Prehistoric politics can teach us how to prevent present-day errors. Human survival has been a team sport for 10,000 generations. It still is. But too many political ideas now hide that once self-evident truth.
A chain of team logic is anchored deep in our pre-history and runs through the historic writings of America's Founders, Abraham Lincoln, Alexis de Tocqueville, Adam Smith and Charles Darwin. They all understood two now under-appreciated principles. Firstly some redistribution is a rational response to needing your team to be in good shape. Secondly self-interest should never be allowed to damage the team you depend on.
Missing links in that chain are provided by Chris Boehm, a leading anthropologist. In his book Moral Origins he writes that our ancestors went through a "major political transition" about 250,000 years ago, developing from an "ape-like 'might is right'" species that "lived hierarchically" into one that was much more "devoutly egalitarian." Around then collaborative hunting became a more successful strategy than going solo. Teams that chased big game toward hunters could be much more productive -- but only if the required division of labor, went hand in hand, with a fair division of profits. However hunting success often depended on luck as well as skill. Both problems were solved, then as they should be now, by the logic of social insurance, which requires shared risks and some pooled profits.
This collective carnivores' dilemma was a game changer. All hunters needed their teammates to be fed well enough to be good chasers. And even the best hunters, when unlucky, benefited from rules that required redistribution of meat. Team players became more successful, as did those teams with the smartest sharing rules. These rules became tools as important as spears or big brains to our survival. And rules that tended to balance immediate selfish gain with longer-term or group interests made for fitter teams.
At this point you're likely wondering how on earth Boehm can justify such detailed and sweeping claims. He's spent 40 years studying present-day hunter-gatherers, who live as closely as possible to the way those team-hunting ancestors did. His deep data on their social practices shows for example that typically meat sharing isn't done by the hunter who made the kill. Instead it's redistributed by another stakeholder. (More details are available here or here.)
A crucial new insight Boehm provides is that humans are predisposed to use "counter-dominant coalitions" to "punish resented alpha-male behavior." For example, when powerful individuals hog more than a fair share of meat, they're punished by using ridicule, shaming, shunning, ostracism, and, ultimately, the death penalty. The result is a sort of inverted eugenics: the elimination of the strongest, if they abuse their power. Astonishingly, such solutions aren't rare, they're the norm. Our ancestors learned long ago, what Lincoln later would write, that all good government must be "of the people, by the people, for the people." Or the people will rebel.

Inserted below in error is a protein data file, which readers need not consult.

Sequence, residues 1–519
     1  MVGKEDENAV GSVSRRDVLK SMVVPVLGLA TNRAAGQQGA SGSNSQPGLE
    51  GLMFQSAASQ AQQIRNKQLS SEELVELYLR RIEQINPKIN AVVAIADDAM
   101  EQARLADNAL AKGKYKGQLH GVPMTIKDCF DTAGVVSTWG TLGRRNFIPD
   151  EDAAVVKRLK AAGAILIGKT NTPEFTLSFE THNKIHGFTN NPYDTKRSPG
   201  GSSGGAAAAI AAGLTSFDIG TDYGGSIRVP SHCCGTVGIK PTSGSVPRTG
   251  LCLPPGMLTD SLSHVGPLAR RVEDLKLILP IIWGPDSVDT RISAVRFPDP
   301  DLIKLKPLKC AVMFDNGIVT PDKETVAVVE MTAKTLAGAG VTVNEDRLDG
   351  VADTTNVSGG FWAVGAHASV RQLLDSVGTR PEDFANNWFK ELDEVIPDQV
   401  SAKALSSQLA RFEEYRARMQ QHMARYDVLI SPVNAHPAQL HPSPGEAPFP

The same team logic is built deep into America's founding documents. The Constitution defines the duty to "promote the general Welfare" as on a par with ensuring the common defense. And the Declaration of Independence's first justification for the American Revolution was to overcome barriers preventing passage of "Laws the most wholesome and necessary for the public Good."
Americans in the 1830s, according to Alexis de Tocqueville, readily accepted the Founders' team logic. In a chapter of his book Democracy in America, that's called "How the Americans Combat Individualism by the Principle of Self-Interest Rightly Understood," he says "an enlightened regard for themselves constantly prompts them to assist one another and inclines them willingly to sacrifice a portion of their time and property to the welfare of the state." Sadly some loss of reason has made us less willing.
Just as they were in our prehistory, taxes are where the rubber meets the road on national team loyalty, on paying for the Founders' "public good." The much misrepresented Adam Smith usefully said, "Every tax... is, to the person who pays it, a badge... of liberty. It denotes he is subject to government."
The Founders, Tocqueville, Lincoln and Smith all knew that liberty and the pursuit of happiness are in effect government-enabled programs. No taxes mean no government, no public good, no live-able liberty, and no practical platform on which to build a private pursuit of happiness. Taxes are not a punishment. And they aren't a transactional payment for what you directly get back. They are the price of your liberty and of keeping your team in good shape. What can look like a sacrifice is actually a sacred and immeasurable gain. Logically this price of freedom must include eternal vigilance against those that would harm the "public good" or "general welfare."
A politics of individual interest, or a narrow politics of parts, that seeks only its own advantage, while weakening the whole, is a distorted form of self-interest that is ultimately self-undermining. To damage what you depend on cannot continue to be deemed rational. It's easy to see this with team-hunting. But it's no less true in the economic transactions we depend on. We all need our nation and economy to be healthy, which means it's in our rational interests to pay the necessary price.
Human life is a team sport and not a struggle of "social Darwinism." In fact that's a misnomer, Charles Darwin himself wrote in The Descent of Man (1871), "Social instincts... have given to [each human] some wish to aid his fellows." He calls anyone without such team and social instincts an "unnatural monster." Too many ideas in our politics are monstrously opposed to our inalienable social and team natures. Proudly pay your redistributive taxes. And don't let anyone succeed by damaging your team.